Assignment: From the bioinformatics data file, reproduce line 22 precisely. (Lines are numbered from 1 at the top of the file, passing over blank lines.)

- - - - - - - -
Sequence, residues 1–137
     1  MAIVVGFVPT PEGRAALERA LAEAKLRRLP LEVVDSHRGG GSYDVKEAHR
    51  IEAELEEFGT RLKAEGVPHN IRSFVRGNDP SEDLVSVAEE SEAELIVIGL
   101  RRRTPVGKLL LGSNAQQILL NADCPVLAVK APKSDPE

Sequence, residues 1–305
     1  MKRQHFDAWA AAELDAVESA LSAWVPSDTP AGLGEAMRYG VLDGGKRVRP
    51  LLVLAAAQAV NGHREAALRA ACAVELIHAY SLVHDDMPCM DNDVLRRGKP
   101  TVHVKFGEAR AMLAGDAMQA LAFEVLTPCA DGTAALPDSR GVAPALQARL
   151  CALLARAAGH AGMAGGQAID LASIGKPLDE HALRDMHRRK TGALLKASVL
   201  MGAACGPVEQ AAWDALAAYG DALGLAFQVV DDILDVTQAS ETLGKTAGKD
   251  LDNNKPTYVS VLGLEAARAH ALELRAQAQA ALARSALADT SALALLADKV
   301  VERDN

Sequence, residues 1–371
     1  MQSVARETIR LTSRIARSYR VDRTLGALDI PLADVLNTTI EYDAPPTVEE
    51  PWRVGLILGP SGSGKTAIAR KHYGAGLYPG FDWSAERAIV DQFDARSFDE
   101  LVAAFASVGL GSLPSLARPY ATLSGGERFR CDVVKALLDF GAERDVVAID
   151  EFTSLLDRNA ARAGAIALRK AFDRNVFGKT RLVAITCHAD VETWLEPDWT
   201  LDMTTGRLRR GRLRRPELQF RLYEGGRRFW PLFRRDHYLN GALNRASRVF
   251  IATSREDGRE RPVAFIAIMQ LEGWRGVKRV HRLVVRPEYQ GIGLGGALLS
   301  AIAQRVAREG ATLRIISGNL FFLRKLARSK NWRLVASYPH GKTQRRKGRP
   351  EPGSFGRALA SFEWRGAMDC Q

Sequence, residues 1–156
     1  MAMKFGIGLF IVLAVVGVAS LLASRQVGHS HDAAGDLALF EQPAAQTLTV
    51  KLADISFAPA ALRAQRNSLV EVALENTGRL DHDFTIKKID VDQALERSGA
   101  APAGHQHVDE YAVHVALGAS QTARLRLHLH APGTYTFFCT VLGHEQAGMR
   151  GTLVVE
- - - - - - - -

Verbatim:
Sequence, residues 1–156